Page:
|The Frankfurt-Tipp rating:|
|Production country:||USA 2017|
|Running time:||Approx. 144 min|
USA in the summer of 1967: The country seems like a powder keg. The Vietnam War has escalated and decades of oppression is causing unrest, especially among the African-American community. These soon escalate in many major American cities. This is also the case in Detroit, where violent civil rights riots break out. When shots are fired from a motel, the police arrive with a large contingent. Things quickly escalate and one of the guests is dead. But instead of a factual investigation, a raid marked by overt racism ensues, turning into a life-threatening situation for many of the motel guests present.
With Detroit, Kathryn Bigelow ventures into a very messy and volatile subject. Based on true events, the story may have been told half a century ago, but is unfortunately (not only, but especially) still very relevant in the US. After numerous interviews with eyewitnesses to the race riots and survivors of the events from the motel, Bigelow and her screenwriter Mark Boal (The Hurt Locker) have created a harrowing drama that takes some dramaturgical liberties but overall aims to recreate the events as accurately as possible.
First, it starts off with a very generic look at the riots, but then turns into an almost chamber-play-like thriller that stirs, enrages, and makes the desperation of the tormented almost palpable. It's an uncomfortable film that hurts - and that's exactly what it's meant to do. It's meant to hit viewers right in the gut, to punch them in the pit of the stomach with full emotional force, to make them realize what people can be driven to do by hate and prejudice.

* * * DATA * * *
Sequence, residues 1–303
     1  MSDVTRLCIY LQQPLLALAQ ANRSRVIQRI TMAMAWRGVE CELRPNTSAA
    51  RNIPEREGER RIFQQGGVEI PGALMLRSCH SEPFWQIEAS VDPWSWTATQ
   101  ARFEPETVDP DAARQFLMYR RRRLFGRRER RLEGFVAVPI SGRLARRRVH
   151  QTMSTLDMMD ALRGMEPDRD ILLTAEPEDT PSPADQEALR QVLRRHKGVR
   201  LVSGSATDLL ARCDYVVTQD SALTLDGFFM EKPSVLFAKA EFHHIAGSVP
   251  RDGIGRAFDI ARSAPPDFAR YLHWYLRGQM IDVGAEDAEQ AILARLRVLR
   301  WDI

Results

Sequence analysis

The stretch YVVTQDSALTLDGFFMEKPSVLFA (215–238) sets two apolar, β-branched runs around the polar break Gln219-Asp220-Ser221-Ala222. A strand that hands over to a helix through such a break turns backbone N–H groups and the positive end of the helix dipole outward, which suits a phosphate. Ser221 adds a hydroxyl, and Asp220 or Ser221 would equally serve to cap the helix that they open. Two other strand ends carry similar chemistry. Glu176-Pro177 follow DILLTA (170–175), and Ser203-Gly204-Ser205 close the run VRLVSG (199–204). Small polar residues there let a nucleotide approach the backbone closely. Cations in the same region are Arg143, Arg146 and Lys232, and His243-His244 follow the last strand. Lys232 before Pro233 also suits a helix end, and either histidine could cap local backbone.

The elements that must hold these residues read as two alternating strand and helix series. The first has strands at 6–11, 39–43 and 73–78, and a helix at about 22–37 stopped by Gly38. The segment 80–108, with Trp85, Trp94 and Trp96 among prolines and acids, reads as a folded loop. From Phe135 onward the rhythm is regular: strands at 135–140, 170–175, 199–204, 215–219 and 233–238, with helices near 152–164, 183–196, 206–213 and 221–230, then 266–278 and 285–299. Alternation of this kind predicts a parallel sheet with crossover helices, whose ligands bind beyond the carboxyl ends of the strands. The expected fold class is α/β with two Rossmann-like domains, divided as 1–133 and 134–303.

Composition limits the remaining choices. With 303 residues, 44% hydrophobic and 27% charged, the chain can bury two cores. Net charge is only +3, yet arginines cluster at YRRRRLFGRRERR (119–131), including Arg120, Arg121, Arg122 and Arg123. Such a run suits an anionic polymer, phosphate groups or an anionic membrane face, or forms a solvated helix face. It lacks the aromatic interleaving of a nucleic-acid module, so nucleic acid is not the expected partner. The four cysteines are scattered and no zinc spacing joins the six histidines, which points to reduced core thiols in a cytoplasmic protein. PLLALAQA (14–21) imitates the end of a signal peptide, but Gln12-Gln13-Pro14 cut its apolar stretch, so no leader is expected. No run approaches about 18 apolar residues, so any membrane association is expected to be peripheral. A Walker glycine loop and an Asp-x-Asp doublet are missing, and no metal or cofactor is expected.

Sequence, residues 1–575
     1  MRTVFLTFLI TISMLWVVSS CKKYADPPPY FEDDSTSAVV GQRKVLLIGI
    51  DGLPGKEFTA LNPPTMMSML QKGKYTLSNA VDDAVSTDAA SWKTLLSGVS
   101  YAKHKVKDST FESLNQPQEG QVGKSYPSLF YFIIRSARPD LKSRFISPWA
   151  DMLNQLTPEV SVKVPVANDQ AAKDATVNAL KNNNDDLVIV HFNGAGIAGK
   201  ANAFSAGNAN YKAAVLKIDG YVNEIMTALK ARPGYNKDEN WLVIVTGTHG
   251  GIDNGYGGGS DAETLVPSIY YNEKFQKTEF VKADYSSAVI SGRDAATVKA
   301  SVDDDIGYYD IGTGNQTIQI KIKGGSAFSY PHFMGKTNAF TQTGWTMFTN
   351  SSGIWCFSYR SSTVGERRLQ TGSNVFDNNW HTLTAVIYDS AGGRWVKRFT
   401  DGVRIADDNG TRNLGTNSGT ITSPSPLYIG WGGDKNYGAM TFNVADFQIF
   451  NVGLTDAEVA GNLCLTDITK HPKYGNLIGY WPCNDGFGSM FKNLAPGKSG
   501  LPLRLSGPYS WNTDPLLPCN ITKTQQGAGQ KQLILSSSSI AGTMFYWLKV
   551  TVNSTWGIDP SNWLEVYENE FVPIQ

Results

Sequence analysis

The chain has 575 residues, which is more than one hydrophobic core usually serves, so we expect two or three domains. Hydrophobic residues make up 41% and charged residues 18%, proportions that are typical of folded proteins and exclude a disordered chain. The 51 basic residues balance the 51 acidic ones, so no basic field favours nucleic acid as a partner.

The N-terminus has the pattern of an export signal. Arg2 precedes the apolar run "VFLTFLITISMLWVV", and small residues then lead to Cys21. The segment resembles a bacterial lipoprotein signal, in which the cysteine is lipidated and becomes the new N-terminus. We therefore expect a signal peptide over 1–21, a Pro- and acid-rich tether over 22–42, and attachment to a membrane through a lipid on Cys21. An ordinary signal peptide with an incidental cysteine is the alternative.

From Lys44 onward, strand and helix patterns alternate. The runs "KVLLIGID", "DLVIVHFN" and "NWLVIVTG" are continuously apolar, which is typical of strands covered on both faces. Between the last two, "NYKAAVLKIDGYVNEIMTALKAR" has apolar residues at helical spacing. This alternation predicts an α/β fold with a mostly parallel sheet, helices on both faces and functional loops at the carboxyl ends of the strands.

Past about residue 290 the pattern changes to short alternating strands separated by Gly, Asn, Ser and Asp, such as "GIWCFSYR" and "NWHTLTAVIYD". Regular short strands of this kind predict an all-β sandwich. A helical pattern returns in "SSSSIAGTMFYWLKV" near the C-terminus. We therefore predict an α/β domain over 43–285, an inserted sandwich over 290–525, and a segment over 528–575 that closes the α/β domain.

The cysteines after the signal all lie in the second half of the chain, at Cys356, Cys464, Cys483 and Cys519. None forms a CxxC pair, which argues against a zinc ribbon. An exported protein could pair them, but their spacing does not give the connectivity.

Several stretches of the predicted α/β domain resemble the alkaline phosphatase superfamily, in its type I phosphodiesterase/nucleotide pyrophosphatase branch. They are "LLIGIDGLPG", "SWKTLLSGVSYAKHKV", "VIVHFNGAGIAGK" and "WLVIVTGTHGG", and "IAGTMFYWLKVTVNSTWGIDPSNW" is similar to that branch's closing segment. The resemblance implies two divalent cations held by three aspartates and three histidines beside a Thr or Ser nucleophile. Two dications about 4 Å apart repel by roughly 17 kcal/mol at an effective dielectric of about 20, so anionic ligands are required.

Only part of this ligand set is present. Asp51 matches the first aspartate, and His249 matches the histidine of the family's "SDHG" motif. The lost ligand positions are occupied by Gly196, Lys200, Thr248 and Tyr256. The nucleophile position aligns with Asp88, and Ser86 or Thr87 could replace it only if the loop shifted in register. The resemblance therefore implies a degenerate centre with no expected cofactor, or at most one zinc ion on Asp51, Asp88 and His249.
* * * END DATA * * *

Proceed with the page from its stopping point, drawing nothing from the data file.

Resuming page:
Police officer Krauss, played with terrifying intensity by Will Poulter, is not a real person here, unlike other characters, but a conglomeration of various police officers involved in the incidents. He is effectively the personification of the hatred that caused the events at the motel to escalate to such an extent. It's a brave performance by Poulter, as his acting draws the concentrated anger of the audience and it will be very difficult to completely dislodge him from the impression he leaves here in other films in the future. Still, hats off to this performance! The same goes for the rest of the very strong ensemble cast, who rely on very nuanced, realistic acting, which perfectly suits the approach of the almost documentary-like production.
Detroit is a difficult film to watch, as it is extremely challenging. If you're willing to take it on, you'll be rewarded with an excellent thriller-drama that not only captivates over the course of nearly two and a half hours, but also lingers. A film you should definitely talk about after watching. Absolutely worth seeing!
An article by Frankfurt-Tipp